The economy might be tough, but did you know that buying second-hand tyres could be more expensive?
According to the Local Government Association, around 50% of the second-hand tyres in the market are sold illegally. Some are even sold with hazardous safety issues, such as defective repairs or incorrect labelling.
Cheap car tyres have proved controversial in the past, in regards to them being part of the false economy, and as to whether they represent a legitimate money-saving device.
However, with hundreds of accidents being linked back to used tyres, the AA says that by economising on tyres, you could be setting yourself up for an expensive mistake.
But They’re Cheaper!
Although the authorities insist that this is a wrong approach, the biggest problem is that these tyres can be almost half the price of new ones. For as little as £10, you can walk out of a store with a ‘good’ tyre.
If the tyre has gone through legal checks, you will have come out on top. But it could cost you as much as £2,500 in fines in the event of an accident.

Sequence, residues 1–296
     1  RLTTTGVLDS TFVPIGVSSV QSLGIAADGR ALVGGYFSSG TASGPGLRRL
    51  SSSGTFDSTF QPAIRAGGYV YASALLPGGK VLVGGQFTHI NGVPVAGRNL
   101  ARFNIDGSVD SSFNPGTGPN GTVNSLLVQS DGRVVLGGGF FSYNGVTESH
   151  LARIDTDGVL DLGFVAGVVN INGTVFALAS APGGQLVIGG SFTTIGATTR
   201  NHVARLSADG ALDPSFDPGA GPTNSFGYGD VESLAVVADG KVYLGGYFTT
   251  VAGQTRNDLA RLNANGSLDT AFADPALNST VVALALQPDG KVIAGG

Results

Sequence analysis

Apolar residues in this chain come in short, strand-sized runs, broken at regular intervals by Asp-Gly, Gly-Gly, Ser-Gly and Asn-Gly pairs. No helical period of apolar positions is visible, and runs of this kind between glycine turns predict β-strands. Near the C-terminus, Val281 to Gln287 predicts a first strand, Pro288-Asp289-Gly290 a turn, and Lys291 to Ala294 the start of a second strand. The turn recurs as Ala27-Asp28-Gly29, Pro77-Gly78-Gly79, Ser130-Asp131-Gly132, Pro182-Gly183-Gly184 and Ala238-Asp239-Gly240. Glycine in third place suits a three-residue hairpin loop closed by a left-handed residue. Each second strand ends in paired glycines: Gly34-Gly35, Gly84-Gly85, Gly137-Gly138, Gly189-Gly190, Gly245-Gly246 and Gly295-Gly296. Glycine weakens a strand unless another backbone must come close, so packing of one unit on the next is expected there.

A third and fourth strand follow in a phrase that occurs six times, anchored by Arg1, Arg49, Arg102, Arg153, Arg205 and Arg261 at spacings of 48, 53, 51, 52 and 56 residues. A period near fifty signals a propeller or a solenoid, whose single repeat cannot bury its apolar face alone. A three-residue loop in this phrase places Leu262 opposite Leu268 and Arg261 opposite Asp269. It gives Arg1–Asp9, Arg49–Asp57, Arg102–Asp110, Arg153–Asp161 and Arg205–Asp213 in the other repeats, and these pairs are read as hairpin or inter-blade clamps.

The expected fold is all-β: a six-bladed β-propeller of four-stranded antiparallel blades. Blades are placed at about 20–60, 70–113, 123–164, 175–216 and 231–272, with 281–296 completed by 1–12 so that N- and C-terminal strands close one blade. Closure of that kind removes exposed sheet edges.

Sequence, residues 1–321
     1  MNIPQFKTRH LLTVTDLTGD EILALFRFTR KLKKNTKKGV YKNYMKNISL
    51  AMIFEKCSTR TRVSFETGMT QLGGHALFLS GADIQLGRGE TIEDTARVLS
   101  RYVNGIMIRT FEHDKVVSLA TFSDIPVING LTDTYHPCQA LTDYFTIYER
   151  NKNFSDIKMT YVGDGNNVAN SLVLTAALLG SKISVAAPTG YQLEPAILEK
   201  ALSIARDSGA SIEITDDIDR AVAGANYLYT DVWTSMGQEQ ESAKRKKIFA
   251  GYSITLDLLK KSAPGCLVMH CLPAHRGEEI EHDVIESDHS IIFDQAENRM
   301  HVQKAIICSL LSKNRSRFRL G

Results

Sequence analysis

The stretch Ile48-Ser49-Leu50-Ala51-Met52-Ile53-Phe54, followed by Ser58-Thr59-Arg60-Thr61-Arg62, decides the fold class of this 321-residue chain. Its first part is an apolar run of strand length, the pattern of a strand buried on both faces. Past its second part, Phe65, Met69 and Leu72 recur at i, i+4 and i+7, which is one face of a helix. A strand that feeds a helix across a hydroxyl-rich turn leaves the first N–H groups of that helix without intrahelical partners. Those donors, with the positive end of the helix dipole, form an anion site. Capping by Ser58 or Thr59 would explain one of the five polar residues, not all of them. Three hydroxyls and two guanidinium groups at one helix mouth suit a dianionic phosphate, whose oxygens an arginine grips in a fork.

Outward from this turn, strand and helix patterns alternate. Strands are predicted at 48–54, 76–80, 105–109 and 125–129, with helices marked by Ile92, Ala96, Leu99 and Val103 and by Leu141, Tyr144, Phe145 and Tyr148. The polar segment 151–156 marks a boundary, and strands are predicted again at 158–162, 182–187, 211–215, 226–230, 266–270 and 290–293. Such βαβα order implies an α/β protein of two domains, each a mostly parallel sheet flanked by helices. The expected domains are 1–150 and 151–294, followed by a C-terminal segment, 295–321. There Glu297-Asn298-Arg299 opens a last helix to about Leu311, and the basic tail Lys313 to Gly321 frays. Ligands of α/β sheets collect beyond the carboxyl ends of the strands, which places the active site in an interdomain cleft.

Instead of checking how cheap or expensive a tyre is based on the buying price, try using a cost-per-millimetre ratio instead. You will be surprised to find how much you can save over a tyre’s lifespan if you opt for a new one.
The legal tyre tread depth is 1.6 millimetres. A quality new tyre is usually at least 7.5 millimetres, while a used one might be around only 2 millimetres.
The latter only has 0.4mm before it reaches the legal limit. Given that you have recently changed your tyre, you might forget to check when it hits its limit, thus earning yourself a hefty fine larger than what you would have spent on a new one.
As the saying goes, you get what you pay for.